Saint Augustine Essay

1501 words - 6 pages

Many consider Saint Augustine of Hippo a main figure in the development of orthodox Christian doctrine during the early Christian Church. Augustine was born in Northern Africa in AD 354. His father was a pagan and his mother a Christian. Though his parents were not extremely well to do, they had enough money to allow Augustine to obtain an education in the liberal arts. This education will eventually affect how he sees Christianity, especially concerning the use of neo-Platonic ideas in Christian theology.

Augustine converted to orthodox Christianity late in life. He struggled with the many earthly things he needed to give up for a complete conversion of body, mind, and soul. It is in Confessions that Augustine shows the world this struggle with and eventual conversion to orthodox Christianity. Though the conversion did not come easily, Christianity held a variety of appealing ideas for Augustine that influenced how he viewed the world in which he lived. In turn, the late conversion of Augustine allowed for his non-Christian experiences and study to have a strong effect on how he viewed orthodox Christianity and the number of heresy-sects of Christianity that continued to thrive during his lifetime. His education also created a unique view for Augustine concerning the use of pagan philosophies in Christian doctrine. Finally, all of the experiences and views of Saint Augustine eventually had a profound influence on orthodox Christian doctrine and philosophy.

Augustine was actually born a Christian and taught Christian doctrine by his mother Monica while still young. However, born Christian and not interested in pagan religions, Augustine was also not particularly interested in orthodox Christianity either. He spent most of his young life with little to do with any particular religion. Eventually, as Augustine continued his education, he started questioning his spirituality and the idea that he was living a selfish life void of something important inside himself. It was during this time that Augustine discovered the appealing ideas that Christianity had to offer.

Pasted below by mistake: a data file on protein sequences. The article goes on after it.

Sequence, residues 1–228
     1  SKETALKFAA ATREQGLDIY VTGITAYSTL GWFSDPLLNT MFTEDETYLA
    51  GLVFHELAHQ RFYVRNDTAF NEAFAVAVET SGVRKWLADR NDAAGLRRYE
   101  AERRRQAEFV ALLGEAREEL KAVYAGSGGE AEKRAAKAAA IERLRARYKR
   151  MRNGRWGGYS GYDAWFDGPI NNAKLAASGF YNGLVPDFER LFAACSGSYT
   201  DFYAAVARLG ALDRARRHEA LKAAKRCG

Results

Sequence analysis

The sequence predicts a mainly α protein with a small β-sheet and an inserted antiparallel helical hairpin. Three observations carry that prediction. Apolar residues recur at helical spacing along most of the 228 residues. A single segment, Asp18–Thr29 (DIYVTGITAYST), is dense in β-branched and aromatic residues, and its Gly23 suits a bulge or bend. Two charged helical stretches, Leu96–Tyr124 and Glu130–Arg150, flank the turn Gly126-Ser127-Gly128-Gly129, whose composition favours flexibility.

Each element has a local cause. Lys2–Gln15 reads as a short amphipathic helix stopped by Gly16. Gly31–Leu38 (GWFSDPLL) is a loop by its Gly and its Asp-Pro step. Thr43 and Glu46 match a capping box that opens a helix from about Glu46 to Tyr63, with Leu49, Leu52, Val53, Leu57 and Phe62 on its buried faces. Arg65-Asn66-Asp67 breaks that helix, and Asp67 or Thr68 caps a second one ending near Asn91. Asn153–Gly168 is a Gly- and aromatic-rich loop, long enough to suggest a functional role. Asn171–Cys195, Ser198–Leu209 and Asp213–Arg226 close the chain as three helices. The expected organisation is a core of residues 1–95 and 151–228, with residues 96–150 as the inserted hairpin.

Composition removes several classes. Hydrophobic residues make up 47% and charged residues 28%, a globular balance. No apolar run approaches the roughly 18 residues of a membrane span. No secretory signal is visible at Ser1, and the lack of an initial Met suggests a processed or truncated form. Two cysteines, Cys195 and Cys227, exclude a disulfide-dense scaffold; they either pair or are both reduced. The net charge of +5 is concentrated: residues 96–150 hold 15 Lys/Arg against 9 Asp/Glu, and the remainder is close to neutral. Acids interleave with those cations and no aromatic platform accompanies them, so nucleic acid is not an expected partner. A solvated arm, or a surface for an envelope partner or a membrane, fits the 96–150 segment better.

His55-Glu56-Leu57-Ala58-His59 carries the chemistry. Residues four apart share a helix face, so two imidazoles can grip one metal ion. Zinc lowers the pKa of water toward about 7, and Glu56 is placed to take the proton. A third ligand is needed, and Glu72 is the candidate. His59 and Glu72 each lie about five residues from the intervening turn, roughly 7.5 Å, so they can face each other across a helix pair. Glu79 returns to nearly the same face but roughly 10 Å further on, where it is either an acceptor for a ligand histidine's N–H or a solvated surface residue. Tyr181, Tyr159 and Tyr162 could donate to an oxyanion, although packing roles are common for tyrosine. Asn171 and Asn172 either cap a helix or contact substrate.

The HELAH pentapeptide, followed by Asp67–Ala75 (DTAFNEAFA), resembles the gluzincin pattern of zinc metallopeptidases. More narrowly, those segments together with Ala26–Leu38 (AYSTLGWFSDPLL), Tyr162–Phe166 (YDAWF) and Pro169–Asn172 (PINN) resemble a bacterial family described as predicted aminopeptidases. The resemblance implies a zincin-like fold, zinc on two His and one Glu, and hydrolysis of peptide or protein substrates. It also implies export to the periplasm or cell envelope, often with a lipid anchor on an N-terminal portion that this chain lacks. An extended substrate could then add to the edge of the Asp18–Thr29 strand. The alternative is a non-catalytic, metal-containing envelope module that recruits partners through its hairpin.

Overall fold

The most appealing idea of Christianity to Augustine was that it allowed for a logical view of God, as well having a certain amount of mystery. In Confessions, Augustine continually discusses the importance of his education in the liberal art as an important aspect of his understanding of Christianity. Using logic, Augustine understood the Christian ideas of sin, evil, and God's relationship to humanity and all creation. He believes it is a man's natural state to want to be near God spiritually, yet in their weak state of flesh, they often move away from the one thing they yearn for most, which is God. Augustine says of this, "…to praise you [God] is the desire of man, a little piece of your creation. You stir man to take pleasure in praising you, because you have made us for yourself, and our heart is restless until it rests in you".

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